Thursday, May 31, 2007

Kurt Swinghammer: Jacobsonean Keeper of Toronto's Cultural Flame

When I noted that Sam The Record Man is about to close shop, I mentioned several artists who benefited directly from Sam's existence and mode of being including Kurt Swinghammer. After receiving a couple of "who he?" e-mails, I thought it behooved me to forward one and all to his website.

I am perhaps inordinately fond of Kurt. I used to follow him back when he and Ron Sexsmith were running an even keel, showbiz-wise. They'd put on shows at C'est What? and joke that the plus to performing together was being able to call themselves SexHammer.

Kurt seems to have slowed down a bit in the aural arts department, while picking up the pace as a visual artist. He is a delightful wielder of the air- and paint-brush, but for those of us who have seen him playing guitar and singing on stage, it's a bitter pill to watch him step back, however temporarily, from the scene. Anyone who had a campfire facility with the guitar knew this guy was freaky magic, but for some reason that never seemed to translate in the studio (the way it does for, say, Richard Thompson).

Ah, well. He is very much a creative force to be reckoned with. Here is his website, and this is the T-shirt (and bag) design he did for Sam The Record Man:


DarkoV said...

Hey, WP,
Planning on any road trips to Sam's to do the vulture thing?

I remember the Sam's in Montreal down on St. Catherine's Street. Many pleasant memories fingering through the LP's and finding bargains. The place was always humming and the clerks, all musicians, were always arguiong over the merits of your choices. Not a place for the feeble of mind and heart as you felt you had to defend your musical purchases before you forked over the cash. I always left the store more energized than when I came in. It wasn't a "pretty boy" store like HMV Records, but one aimed at the listening possessed.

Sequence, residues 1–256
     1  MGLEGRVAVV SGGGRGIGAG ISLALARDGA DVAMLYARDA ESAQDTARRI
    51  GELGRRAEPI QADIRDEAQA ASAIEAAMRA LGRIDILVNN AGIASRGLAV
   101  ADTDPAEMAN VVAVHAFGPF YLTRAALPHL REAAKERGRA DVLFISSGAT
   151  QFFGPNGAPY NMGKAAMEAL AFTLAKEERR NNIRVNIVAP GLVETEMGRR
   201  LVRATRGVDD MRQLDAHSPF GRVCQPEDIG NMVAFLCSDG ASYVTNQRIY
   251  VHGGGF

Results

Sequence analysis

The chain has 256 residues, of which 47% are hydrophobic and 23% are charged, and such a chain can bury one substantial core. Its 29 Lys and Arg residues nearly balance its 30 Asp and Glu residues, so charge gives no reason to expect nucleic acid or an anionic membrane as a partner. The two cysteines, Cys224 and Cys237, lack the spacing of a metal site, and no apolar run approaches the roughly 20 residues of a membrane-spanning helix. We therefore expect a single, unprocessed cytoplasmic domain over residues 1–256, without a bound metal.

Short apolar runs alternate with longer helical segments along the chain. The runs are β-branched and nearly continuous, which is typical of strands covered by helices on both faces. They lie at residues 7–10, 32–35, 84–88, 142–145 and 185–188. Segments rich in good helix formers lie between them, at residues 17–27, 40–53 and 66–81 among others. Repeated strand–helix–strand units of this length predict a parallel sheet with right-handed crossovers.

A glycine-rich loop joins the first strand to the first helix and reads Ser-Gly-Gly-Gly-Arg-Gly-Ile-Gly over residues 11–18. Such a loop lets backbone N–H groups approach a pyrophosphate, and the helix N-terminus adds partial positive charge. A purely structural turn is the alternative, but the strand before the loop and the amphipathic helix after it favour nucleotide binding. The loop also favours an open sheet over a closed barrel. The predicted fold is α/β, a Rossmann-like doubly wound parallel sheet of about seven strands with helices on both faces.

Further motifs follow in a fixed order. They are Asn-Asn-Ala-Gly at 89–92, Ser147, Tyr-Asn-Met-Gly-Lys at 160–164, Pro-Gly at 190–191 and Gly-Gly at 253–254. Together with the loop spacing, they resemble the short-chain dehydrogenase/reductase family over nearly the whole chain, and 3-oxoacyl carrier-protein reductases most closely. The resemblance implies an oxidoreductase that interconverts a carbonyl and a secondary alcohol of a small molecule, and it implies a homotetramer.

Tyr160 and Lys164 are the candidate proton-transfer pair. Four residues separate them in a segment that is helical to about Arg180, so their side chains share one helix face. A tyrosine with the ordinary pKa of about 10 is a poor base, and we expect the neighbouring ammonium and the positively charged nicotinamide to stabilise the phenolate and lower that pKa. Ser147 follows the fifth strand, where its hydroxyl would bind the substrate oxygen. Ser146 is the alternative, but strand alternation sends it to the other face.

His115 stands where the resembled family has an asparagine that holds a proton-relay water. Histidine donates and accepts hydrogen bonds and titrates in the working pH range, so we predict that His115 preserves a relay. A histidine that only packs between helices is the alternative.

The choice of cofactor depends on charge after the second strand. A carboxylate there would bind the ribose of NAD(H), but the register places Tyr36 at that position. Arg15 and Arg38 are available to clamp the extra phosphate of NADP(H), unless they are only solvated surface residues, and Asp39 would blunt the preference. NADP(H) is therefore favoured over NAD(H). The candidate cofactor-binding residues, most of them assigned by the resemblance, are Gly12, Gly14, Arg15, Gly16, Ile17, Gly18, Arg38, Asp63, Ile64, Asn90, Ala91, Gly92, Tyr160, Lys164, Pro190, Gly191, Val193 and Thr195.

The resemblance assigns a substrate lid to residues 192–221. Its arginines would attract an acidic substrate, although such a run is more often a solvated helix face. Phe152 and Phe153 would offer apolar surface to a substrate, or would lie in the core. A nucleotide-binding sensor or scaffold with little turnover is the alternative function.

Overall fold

A shame to see it go......

Whisky Prajer said...

That's an interesting question, DV. I'd certainly buy a Swinghammer SAM'S shirt, if they still sold them. But music-wise, I'd be surprised if the vultures haven't already flown away with the choice cuts.

Sam's on Yonge was a place similar to what you describe. In fact, one of my sunniest memories of the place is introducing my friend, who was then undergoing a difficult divorce, to the store. He had a song stuck in his head from mid-70s AM radio - one of those cases where he only remembered a select few lines. He asked a Sam's staffer if they knew what it was, then sang the bits he remembered. They couldn't help him but a customer who overheard him could. Knew the artist, the album, the year ... it was a special order, but he got the disc. That's just the kind of place it was.